Sangiovese is bubbling away.  We put it in a water bath to keep fermentation temp down, a tip I’ll use with the beer after next.  In the past, when I wanted to ferment a bit cooler than basement temps I’ve used a “redneck swamp cooler,” a cable tub with the fermenter in a bit of water cooled by wrapping a towel around the fermenter to wick the water up, and a fan to cool the towel.  Works well, pictures to follow next time it’s employed.

Next Up – Wine!

Second batch of wine is bubbling away downstairs.  This time it’s a Sangiovese.  We made a conscious decision to make it stronger than the kit stated, targeting 14% ABV instead of the approx. 12.5% the kit produces.  No, we don’t want a Chianti, a regional variety made from mostly Sangiovese grapes, we want a dinner wine.

In the Beer department, lagers are slowly coming down to lager temps.  I’ve run into a slight problem:  I need to do another Oktoberfest before mid-September but may not have the refrigerator space to do it.  Thinking about the logistics now, if the Helles and Schwarz are done quickly, it’ll work, barely.  We’ll have to see.  Thinking backward, if I need the Oktoberfest in mid-September, it’ll need two weeks to condition, bringing us to early September.  Four weeks are required to lager, ten days in primary….  It’ll be close, very close.  I’ll have to brew mid-July.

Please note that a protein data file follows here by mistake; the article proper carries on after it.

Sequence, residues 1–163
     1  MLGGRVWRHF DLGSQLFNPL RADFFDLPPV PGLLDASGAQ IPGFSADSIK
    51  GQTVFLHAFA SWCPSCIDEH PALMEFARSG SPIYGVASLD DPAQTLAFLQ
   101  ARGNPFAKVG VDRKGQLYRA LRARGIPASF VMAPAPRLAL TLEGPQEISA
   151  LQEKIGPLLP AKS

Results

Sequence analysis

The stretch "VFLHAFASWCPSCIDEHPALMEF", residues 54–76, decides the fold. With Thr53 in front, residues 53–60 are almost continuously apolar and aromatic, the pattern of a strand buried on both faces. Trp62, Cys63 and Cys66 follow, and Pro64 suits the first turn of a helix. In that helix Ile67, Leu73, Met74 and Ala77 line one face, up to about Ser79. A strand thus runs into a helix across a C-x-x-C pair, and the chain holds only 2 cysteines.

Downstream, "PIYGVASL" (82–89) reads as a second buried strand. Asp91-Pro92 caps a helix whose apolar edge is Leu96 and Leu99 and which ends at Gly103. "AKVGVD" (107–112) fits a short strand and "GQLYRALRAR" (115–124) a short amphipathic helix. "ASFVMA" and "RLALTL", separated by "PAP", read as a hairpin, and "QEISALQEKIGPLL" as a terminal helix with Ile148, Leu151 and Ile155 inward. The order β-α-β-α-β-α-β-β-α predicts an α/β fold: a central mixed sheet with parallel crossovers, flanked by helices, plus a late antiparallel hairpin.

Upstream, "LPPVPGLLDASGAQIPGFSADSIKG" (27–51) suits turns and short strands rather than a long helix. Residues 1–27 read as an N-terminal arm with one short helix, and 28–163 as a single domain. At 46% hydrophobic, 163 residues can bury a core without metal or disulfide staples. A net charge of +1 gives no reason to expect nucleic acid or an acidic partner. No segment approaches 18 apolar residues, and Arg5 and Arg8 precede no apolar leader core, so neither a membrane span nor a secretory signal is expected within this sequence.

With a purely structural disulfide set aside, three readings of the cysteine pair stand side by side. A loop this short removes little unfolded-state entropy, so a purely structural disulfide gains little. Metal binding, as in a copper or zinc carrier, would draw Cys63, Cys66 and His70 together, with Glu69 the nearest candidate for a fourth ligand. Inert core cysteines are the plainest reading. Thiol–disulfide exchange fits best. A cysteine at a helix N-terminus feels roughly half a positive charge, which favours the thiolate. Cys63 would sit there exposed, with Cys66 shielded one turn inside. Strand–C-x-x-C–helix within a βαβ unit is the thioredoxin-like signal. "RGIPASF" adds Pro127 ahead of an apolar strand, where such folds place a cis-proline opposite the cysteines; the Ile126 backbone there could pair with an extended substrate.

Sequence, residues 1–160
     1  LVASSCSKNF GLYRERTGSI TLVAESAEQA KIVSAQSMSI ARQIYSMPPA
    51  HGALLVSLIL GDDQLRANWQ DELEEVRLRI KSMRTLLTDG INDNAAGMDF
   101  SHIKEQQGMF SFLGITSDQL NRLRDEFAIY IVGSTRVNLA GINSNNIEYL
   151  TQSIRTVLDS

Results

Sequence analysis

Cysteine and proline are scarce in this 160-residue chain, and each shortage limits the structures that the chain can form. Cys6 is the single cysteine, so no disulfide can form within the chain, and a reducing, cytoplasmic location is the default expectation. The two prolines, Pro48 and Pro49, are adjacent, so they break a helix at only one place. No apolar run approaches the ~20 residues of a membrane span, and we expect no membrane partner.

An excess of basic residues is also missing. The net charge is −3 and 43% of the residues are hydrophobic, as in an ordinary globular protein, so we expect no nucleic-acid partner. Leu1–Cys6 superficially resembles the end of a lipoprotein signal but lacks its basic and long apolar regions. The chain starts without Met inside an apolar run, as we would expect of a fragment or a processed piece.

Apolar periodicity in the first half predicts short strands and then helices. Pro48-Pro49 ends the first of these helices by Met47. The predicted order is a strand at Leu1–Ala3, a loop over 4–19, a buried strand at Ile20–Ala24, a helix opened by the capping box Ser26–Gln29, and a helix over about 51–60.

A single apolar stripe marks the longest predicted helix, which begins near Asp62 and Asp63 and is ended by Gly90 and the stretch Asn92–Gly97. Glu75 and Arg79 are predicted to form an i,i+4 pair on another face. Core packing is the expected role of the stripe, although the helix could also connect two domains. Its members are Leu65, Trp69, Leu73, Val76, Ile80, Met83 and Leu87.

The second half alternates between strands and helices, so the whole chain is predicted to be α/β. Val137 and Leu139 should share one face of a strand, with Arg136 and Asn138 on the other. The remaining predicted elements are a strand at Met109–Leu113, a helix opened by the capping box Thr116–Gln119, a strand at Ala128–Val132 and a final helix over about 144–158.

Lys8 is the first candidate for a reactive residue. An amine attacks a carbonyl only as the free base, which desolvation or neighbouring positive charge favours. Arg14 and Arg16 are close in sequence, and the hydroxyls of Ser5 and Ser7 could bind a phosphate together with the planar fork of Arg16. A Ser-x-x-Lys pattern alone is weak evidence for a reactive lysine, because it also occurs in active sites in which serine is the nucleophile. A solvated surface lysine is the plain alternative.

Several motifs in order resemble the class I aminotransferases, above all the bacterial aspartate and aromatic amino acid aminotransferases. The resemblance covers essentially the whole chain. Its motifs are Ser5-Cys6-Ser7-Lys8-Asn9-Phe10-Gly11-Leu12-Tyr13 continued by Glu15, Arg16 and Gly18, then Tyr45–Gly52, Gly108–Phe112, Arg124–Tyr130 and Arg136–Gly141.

Or get another fridge.  I don’t think SWAMBO was very keen on that idea….

Cheers!

Lagerthon Follow-Up 1: Diacetyl Rest

The Helles and the Schwarzbier are far enough along in their fermentation process I can put them into a diacetyl rest.  Diacetyl is a compound that tastes like the butter flavor in butter flavored popcorn.  Combined with malt it can taste like butterscotch but it’s generally considered a flaw in lagers.
To test for it is relatively simple.  You can’t just taste it, there’s a diacetyl precursor that’s tasteless but converts on storage to diacetyl.  So what you have to do is warm the beer up to about 160 degrees to allow the precursor to convert, then cool and taste for diacetyl.  Not everyone can taste it but it also has a mouthfeel, a slippery, oily feel.
Producing diacetyl in lagers is the result of a compromise we homebrewers make.  If we could pitch our yeast at fermentation temperature, about 50 degrees, lager yeast won’t produce enough diacetyl to be perceptible.  But we homebrewers generally pitch warmer, either because we can’t get the wort that cool or because we don’t want to wait while it cools in our refrigerators, the benefit of which is the longer we wait to pitch, the greater the chance some bug can take hold in our brews and produce something much worse than butter-flavored beer.  Yeast both produce it and, once nutrients start getting scarce, metabolize it so we can accept early production and get rid of it later.
To conduct a diacetyl rest, let the beer warm to about 65 degrees for a couple of days prior to lagering.  This will allow the yeast to become a bit more active and consume the diacetyl.  They will produce some esters due to the warming, also not desirable in a lager, but the amount will be miniscule.
The diacetyl rest illustrates the compromises a brewer has to make but thankfully, yeast are very good at their job.  Give them the proper conditions and care and they will make good beer for us.